Life in America in 1830-1850

The novel The Adventures of Tom Sawyer by Mark Twain was written in 1870. This novel unveils many important themes such as adventures and Christian values, social relations and stereotypes. The analysis of the characters and themes makes it possible to say that the novel reflects changes faced by the American society during 1830-1850. Thesis Mark Twain`s storyline along with his descriptions of his characters portrays the life of the citizens of St. Petersburg, Missouri as being very easy, simple and uncomplicated, however life for many other people in America was much of an endeavor.

In the novel Mark Twain portrays the life of the citizens of St. Petersburg as being very simple and uncomplicated. “A new-comer of any age or either sex was an impressive curiosity in the poor little shabby village of St. Petersburg” (Twain 1920, 4). The simplicity of life is shown through other minor themes and symbols which help to unveil the realities of town life. During this historical epoch, poverty was what traps people in their humble abode. In contrast to these themes, Mark Twain describes people in the town as: “There was cheer in every face and a spring in every step.

The locust-trees were in bloom and the fragrance of the blossoms filled the air” (Twain 1920, 12). The main female characters of the novel, Aunt Polly and Tom’s cousin Marry, are depicted as simple ordinary women. In reality, women were guided and supported by their husbands and family members. It is possible to say that all women represented in the novel do not suffer greatly, because of male oppression. Most of them including Aunt Polly and his cousin Marry was stuck to values preached by the society. The other characters, Huck and Sam, Judge Thatcher and Alfred Temple are also misrepresented. Most of the men are portrayed as ordinary citizens involved in town affairs only.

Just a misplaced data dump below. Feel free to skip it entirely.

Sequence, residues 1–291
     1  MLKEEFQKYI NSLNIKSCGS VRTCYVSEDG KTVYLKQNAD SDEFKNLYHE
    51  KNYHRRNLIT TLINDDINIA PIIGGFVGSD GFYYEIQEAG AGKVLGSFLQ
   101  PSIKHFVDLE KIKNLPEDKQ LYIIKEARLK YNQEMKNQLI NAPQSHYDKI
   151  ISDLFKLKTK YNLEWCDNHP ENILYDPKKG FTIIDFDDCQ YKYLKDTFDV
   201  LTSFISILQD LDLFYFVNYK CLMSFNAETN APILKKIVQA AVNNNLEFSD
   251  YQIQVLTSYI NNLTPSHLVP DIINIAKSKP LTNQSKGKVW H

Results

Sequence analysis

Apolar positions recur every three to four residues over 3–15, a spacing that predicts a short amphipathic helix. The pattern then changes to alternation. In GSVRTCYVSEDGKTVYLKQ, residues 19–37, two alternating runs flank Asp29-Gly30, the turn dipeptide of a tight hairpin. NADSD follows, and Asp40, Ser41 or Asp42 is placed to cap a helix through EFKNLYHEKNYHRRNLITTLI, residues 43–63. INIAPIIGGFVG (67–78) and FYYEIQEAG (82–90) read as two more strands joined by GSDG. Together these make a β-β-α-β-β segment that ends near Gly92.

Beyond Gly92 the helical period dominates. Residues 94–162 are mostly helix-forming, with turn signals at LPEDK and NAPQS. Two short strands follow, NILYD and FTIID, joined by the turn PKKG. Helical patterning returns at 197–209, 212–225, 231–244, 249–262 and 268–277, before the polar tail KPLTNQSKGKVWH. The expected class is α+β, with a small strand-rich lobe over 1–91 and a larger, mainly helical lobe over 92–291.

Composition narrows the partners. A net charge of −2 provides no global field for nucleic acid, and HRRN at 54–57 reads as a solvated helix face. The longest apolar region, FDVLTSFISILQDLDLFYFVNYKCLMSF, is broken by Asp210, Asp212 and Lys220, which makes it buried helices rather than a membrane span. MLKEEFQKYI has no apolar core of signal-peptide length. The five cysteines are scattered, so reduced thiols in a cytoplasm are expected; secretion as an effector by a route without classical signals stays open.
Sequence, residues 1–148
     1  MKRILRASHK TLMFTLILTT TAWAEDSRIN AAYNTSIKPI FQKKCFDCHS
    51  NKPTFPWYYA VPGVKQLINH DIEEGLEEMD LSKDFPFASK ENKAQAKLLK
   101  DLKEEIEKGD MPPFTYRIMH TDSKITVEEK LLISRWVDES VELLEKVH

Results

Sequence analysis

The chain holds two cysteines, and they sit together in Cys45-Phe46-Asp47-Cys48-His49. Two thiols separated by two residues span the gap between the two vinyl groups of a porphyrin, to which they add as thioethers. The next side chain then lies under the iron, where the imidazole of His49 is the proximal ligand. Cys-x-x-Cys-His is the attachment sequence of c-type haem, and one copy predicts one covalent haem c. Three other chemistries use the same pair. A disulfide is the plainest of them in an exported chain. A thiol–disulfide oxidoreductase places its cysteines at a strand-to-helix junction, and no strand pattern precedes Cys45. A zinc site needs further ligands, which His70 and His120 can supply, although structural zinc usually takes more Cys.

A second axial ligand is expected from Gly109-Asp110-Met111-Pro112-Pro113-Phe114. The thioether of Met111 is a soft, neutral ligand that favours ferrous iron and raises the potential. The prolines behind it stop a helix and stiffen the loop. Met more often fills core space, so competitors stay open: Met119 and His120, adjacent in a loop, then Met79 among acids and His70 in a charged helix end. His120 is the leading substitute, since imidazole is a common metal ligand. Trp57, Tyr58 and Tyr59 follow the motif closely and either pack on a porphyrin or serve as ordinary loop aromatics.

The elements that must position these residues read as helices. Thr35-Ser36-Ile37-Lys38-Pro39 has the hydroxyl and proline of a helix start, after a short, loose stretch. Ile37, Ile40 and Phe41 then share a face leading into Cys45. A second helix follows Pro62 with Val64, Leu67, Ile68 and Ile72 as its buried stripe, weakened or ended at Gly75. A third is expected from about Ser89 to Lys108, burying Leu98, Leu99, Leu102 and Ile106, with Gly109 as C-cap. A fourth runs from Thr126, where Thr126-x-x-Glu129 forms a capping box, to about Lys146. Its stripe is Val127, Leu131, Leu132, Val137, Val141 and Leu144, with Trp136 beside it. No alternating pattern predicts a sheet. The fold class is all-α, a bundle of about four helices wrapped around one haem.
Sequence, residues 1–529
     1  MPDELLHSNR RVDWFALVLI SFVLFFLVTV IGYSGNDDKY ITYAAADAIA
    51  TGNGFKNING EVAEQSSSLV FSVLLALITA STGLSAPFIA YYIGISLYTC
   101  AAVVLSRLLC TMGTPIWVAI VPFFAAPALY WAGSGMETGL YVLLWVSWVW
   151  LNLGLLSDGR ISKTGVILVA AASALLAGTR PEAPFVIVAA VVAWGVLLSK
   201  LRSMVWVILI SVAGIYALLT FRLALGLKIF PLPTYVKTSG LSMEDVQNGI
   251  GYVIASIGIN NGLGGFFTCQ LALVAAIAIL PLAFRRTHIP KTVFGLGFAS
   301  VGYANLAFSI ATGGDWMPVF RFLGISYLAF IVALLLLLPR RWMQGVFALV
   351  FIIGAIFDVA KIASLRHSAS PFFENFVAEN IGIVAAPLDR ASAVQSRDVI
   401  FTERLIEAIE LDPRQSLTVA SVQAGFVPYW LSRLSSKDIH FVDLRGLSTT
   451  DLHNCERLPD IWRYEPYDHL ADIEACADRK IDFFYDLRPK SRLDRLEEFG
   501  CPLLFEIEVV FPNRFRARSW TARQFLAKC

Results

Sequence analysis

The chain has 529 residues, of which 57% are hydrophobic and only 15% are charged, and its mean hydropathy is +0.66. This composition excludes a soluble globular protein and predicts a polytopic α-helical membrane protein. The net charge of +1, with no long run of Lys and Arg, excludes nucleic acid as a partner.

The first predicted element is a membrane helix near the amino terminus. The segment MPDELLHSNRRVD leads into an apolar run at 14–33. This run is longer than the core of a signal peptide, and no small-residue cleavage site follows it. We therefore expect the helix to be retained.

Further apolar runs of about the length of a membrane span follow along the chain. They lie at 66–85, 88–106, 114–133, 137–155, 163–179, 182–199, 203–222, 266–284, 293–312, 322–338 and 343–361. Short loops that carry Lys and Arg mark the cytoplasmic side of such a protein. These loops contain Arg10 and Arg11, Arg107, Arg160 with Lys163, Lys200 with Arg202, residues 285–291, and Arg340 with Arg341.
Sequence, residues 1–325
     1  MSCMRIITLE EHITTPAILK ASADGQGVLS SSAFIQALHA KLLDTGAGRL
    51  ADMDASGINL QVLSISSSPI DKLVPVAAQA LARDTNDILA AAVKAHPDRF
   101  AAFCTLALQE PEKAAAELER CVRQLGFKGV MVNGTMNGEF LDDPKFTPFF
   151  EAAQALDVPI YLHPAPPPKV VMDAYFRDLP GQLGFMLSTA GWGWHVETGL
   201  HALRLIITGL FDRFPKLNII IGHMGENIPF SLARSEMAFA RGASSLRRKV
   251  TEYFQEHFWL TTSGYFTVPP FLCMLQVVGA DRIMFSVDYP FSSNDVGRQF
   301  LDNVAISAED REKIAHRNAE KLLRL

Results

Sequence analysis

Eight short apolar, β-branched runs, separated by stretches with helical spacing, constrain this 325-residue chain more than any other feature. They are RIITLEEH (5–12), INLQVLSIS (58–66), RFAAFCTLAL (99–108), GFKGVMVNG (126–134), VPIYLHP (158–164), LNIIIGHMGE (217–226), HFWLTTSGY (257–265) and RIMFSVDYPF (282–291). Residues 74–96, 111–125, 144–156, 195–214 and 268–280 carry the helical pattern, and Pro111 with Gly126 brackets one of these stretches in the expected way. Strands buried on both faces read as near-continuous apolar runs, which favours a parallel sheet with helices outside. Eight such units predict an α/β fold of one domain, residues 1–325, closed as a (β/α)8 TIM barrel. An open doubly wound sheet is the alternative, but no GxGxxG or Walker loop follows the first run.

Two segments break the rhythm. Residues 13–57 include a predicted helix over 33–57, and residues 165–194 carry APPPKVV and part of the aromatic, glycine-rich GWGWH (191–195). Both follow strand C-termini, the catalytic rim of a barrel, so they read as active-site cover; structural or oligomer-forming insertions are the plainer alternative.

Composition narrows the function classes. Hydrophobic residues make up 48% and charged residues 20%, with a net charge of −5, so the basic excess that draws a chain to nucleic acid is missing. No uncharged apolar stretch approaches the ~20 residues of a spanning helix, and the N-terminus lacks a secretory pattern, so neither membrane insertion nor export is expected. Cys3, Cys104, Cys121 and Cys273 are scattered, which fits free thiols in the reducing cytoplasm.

In contrast to St. Petersburg town life, life for many other people in America was much of an endeavor. For instance, in The Narrative of the Life Frederick Douglass depicts another America influenced by racial inequalities and slavery.  In his autobiography, Douglass describes the hardship that he was through and quite self-obsessed with the cruel realities. The slave owners exploited slaves per 12-14 hours a day. The spread of slavery was also connected with industrialization and urbanization processes, proposing unlimited opportunities for newly emerged industries and factories to obtain cheap labor (Douglass 1995).

Even the life of a free black man differed greatly from his white neighbors. In contrast to Twain’s idealized image of minorities and their life, Douglass addresses a problem of racial inequality in the society and its impact on the life of an ordinary person. He unveils that racism caused grievances to all citizens in spite of their color of skin or persuasions.

According to Douglass interpretation, the direct victims of racism were black men and women. On the other hand, Mark Twain describes town people as moral persons free from social and racial prejudices. For instance, Mark Twain portrays the widow Douglass as: “the justice of the peace; the widow Douglass, fair, smart … her hill mansion the only palace in the town, and the most hospitable and much the most lavish in the matter of festivities that St. Petersburg could boast” (Twain 1920, 43). In general, Mark Twain describes moral health of people and their imperfection through the lens of morality and traditions rather than historical facts. All citizens of St. Petersburg become victims of their own prejudices and false values.